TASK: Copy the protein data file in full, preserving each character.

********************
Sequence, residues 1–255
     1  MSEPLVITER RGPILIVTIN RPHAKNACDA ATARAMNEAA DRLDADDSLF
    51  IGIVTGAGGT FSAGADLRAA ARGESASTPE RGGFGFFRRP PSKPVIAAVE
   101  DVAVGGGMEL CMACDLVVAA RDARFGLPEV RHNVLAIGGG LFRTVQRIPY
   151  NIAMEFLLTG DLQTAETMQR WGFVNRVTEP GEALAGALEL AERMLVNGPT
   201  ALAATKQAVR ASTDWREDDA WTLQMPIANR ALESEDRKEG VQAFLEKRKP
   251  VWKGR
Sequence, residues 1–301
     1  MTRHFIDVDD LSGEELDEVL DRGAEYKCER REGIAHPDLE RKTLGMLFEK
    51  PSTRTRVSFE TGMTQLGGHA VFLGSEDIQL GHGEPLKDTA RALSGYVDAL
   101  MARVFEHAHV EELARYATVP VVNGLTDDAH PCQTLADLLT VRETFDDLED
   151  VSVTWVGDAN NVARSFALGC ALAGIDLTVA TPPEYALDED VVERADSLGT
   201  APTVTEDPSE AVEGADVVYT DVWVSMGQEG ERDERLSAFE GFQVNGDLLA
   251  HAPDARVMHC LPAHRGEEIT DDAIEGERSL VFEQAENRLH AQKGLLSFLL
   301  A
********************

Sequence, residues 1–255
     1  MSEPLVITER RGPILIVTIN RPHAKNACDA ATARAMNEAA DRLDADDSLF
    51  IGIVTGAGGT FSAGADLRAA ARGESASTPE RGGFGFFRRP PSKPVIAAVE
   101  DVAVGGGMEL CMACDLVVAA RDARFGLPEV RHNVLAIGGG LFRTVQRIPY
   151  NIAMEFLLTG DLQTAETMQR WGFVNRVTEP GEALAGALEL AERMLVNGPT
   201  ALAATKQAVR ASTDWREDDA WTLQMPIANR ALESEDRKEG VQAFLEKRKP
   251  VWKGR
Sequence, residues 1–301
     1  MTRHFIDVDD LSGEELDEVL DRGAEYKCER REGIAHPDLE RKTLGMLFEK
    51  PSTRTRVSFE TGMTQLGGHA VFLGSEDIQL GHGEPLKDTA RALSGYVDAL
   101  MARVFEHAHV EELARYATVP VVNGLTDDAH PCQTLADLLT VRETFDDLED
   151  VSVTWVGDAN NVARSFALGC ALAGIDLTVA TPPEYALDED VVERADSLGT
   201  APTVTEDPSE AVEGADVVYT DVWVSMGQEG ERDERLSAFE GFQVNGDLLA
   251  HAPDARVMHC LPAHRGEEIT DDAIEGERSL VFEQAENRLH AQKGLLSFLL
   301  A